Thursday, July 9, 2009


Hogan and Del Toro’s The Strain is a refreshing addition to current vampire fare. Generally, books set in the current day, involving vampires, are things from which I run. I don’t stop running. The difference, for me, with this book was it's internet buzz, as well as the name Guillermo Del Toro.

The Bad: The characterization got me riled on one occasion. The CDC sidekick, Nora, goes from being a physician/epidemiologist to a woman holding a hand over her mouth, stifling a terrified cry and sobbing afterward. Really? Our physician/epidemiologist’s first truly stunning and shocking exposure to the gross, disgusting, hideous, etc., is a newly turned vampire (newly turned = more zombie than vampire)? C’mon. I'm certain that the real article (Nora’s real-life counterpart) would be far more hardened, as a result of career path alone, than that. Other than that one truly glaring error, the characterization was still sub-par, running in the shallow end of the pool.

Something niggles at me concerning the story. It’s not bad, but seems like a road we’ve all been down before. Don’t get me wrong, the story is well executed, for what it is. It’s not daring or stunning in any kind of innovative way. I don’t mean for it to be a criticism, because I liked the story well enough, but it seemed to be an amalgam of books/movies/games I’ve experienced before.

The Good: Newly turned vampire/zombies running rampant through NYC as the first cascading shockwave of a possible extinction level event for humanity. Think I am Legend mixed with Resident Evil, except with vampires. The vampires “mature” in a matter of weeks into rather sentient, cunning and collaborative little buggers it would seem.

I really like how this book shows vampires as they ought to be: horrifying monsters – not the hot boy in high school. They smell disgusting. They relieve themselves while ‘feeding,’ or, pretty much, at any other time with no concern for sanitation or hygiene. These vampires have a hive intellect and no verbal communication, or need for it.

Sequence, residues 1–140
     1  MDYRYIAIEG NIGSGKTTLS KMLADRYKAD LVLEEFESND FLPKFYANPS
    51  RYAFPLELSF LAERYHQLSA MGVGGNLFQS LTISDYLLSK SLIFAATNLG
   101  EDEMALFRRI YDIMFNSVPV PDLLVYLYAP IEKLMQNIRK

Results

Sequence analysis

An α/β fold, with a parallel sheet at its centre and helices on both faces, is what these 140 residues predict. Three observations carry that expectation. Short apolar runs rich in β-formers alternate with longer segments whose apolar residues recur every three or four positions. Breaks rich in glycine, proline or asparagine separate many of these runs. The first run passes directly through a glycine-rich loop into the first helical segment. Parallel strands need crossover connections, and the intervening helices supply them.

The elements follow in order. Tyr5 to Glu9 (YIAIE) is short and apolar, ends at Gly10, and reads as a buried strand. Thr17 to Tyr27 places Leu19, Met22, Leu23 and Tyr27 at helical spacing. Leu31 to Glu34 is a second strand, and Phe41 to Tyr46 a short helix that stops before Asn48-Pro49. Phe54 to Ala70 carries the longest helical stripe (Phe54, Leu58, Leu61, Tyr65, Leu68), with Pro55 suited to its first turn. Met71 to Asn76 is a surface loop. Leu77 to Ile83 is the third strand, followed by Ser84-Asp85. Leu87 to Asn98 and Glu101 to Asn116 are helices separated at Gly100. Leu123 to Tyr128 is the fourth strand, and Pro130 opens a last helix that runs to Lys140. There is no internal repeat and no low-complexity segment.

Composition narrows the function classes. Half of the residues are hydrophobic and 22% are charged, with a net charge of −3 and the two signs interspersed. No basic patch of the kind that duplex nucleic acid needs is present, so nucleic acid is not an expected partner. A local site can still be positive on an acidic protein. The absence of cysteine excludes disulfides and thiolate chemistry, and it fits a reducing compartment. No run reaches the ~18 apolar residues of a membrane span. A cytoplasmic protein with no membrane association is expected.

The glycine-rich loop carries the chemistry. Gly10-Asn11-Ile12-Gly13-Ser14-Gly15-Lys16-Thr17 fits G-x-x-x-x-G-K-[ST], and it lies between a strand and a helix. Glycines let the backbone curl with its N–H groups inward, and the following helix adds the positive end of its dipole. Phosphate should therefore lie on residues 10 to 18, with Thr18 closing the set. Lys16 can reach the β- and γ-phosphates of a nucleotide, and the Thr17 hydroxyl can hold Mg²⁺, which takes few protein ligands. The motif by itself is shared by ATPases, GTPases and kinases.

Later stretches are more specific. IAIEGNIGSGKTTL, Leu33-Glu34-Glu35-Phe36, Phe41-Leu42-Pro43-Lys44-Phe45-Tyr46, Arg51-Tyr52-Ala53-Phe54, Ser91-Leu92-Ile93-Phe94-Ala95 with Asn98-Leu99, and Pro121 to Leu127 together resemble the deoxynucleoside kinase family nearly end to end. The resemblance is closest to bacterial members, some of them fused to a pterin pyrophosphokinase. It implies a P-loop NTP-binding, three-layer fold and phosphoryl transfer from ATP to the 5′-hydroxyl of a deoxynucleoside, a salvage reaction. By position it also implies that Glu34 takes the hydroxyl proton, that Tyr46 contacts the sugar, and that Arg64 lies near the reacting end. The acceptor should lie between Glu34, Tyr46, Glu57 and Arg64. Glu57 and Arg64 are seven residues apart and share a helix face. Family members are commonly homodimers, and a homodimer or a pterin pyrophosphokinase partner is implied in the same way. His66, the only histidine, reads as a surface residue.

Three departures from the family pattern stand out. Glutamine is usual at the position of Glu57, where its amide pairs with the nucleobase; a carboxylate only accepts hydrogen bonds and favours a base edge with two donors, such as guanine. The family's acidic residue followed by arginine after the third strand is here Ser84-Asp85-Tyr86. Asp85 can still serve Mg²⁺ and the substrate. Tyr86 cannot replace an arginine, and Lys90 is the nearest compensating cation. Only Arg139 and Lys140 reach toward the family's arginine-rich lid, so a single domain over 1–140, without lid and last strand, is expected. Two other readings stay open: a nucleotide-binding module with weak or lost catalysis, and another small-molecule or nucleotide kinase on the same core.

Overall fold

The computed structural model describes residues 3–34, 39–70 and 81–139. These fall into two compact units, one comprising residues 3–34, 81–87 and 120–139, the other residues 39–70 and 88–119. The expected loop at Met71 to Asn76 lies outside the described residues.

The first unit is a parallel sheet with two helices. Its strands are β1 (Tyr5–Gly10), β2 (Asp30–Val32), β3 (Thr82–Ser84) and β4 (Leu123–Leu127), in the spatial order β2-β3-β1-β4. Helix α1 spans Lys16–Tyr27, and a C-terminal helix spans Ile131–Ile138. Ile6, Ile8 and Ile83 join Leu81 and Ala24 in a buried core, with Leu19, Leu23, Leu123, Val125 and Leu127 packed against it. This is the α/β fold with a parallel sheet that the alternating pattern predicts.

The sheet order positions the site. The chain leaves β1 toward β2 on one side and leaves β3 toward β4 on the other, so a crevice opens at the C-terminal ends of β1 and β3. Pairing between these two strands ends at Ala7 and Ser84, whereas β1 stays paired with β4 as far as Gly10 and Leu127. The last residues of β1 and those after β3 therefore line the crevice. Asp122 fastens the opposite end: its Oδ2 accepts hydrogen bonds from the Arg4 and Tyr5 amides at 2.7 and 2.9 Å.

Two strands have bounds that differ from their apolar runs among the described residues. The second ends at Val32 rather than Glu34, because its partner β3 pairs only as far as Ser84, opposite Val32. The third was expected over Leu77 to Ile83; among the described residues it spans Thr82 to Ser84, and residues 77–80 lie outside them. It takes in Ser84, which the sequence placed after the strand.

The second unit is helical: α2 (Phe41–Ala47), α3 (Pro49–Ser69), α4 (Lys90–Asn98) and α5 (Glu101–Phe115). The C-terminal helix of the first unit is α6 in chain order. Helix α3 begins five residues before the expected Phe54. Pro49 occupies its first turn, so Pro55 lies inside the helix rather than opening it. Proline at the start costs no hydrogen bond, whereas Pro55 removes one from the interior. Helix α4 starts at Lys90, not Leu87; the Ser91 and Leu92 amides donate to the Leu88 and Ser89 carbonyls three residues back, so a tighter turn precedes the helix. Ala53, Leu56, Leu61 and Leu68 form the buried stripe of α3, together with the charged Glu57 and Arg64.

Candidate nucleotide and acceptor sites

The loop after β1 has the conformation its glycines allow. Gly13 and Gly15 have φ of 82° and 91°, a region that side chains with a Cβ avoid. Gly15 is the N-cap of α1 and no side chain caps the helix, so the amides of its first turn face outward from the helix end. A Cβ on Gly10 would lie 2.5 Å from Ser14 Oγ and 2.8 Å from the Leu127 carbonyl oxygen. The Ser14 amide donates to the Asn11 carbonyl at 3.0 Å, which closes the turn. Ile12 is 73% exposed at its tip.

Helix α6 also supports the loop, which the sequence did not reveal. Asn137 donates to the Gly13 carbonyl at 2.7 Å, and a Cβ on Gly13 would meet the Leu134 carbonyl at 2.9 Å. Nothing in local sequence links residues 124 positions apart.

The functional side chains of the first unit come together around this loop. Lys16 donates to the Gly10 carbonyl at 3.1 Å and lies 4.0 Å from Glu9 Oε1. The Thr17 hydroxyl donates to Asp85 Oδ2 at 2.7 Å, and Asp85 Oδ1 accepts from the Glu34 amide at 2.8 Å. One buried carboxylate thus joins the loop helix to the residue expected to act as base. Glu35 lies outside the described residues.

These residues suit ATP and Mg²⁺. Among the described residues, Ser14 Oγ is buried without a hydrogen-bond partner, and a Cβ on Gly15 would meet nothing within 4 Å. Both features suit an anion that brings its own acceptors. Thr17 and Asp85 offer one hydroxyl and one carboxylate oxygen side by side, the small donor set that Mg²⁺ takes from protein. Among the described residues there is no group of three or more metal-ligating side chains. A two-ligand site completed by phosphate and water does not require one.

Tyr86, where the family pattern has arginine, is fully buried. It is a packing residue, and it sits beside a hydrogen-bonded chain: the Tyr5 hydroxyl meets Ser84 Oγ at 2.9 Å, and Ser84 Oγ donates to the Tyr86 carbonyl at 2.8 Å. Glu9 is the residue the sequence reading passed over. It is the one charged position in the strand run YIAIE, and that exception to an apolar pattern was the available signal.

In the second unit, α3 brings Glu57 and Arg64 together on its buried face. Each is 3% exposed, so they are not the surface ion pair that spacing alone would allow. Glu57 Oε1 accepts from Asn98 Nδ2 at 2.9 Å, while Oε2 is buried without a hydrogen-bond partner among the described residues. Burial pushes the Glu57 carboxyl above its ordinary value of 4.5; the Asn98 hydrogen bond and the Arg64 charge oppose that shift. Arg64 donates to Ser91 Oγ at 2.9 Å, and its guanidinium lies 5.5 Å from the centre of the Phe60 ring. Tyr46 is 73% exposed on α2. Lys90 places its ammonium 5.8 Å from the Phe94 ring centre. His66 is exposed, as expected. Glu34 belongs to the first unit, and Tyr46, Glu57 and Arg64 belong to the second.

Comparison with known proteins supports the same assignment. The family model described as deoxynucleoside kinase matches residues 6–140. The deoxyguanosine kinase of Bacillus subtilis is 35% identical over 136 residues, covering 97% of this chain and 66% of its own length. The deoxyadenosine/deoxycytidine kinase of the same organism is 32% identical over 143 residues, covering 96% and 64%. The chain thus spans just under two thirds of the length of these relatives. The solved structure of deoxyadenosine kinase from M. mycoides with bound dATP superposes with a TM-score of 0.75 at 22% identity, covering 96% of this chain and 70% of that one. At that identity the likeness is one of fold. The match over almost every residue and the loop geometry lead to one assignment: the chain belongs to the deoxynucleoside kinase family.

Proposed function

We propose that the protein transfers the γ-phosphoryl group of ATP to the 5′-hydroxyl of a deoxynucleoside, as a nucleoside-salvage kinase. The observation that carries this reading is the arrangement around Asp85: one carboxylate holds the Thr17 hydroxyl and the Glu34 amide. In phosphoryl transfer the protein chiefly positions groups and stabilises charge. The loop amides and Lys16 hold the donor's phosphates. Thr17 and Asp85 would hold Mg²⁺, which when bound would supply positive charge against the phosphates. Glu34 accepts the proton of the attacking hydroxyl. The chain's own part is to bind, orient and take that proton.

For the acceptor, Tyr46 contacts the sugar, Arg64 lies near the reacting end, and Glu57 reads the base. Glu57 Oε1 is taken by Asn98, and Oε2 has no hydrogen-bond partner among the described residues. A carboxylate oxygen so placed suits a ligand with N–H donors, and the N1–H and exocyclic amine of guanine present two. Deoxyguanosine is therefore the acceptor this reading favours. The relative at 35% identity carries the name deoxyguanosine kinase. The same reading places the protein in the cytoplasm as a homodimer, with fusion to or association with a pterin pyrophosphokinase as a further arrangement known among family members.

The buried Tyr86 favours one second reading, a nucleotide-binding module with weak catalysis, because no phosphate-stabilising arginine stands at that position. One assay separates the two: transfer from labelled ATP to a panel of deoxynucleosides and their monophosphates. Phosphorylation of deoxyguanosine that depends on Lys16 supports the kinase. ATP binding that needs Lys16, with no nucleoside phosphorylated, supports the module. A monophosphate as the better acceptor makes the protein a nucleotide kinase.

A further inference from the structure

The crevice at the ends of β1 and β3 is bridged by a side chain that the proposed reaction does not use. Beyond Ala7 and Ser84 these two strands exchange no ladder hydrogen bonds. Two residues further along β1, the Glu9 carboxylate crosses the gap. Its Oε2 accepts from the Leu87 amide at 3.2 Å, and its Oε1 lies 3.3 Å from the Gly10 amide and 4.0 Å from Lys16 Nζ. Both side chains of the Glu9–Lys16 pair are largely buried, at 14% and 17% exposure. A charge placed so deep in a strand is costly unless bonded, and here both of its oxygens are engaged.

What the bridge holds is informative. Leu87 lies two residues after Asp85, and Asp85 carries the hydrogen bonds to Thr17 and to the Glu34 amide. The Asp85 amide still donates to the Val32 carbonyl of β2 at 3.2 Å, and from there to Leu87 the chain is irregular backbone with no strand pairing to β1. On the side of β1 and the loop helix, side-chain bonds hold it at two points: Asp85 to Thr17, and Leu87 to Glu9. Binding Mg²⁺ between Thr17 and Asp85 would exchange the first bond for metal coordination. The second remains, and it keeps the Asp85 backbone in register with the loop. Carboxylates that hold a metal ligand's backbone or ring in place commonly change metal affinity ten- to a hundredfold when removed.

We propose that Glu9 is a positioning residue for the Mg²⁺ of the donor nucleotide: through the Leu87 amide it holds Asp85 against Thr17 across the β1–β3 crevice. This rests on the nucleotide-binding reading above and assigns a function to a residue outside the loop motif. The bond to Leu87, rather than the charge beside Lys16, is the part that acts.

The whole phenomenon becomes more interesting when considered in terms of an epidemic outbreak. The vampires themselves are the vectors. They transmit the blood worms to infected prey. They can be exterminated by ultra-violet irradiation or decapitation. Silver can cause them pain. Otherwise, run! Forget the garlic and holy water.

Also, there seems to be a long standing arrangement concerning the existence of vampires. Prey are customarily beheaded so that no new vampires are created, unless necessary or desired. Among the ancient “Masters” (seven in all), the one central to this story has gone rogue. Moreover, it appears that there is an alliance between the rogue Master and a wealthy financier. The unlikely alliance between an ancient and a human is designed to throw the old arrangement out and boldly initiate a head-on conflict.

Overall, a fun read even though it’s not profound or innovative. For those who can live without owning their reads, wait until it arrives in the library. For those who must own, wait for the mmpb.

Next up: Transformation, by Carol Berg.

P.S. There is a more recent interview of James Maxey, over at FBC, than the one I referenced in an earlier post.


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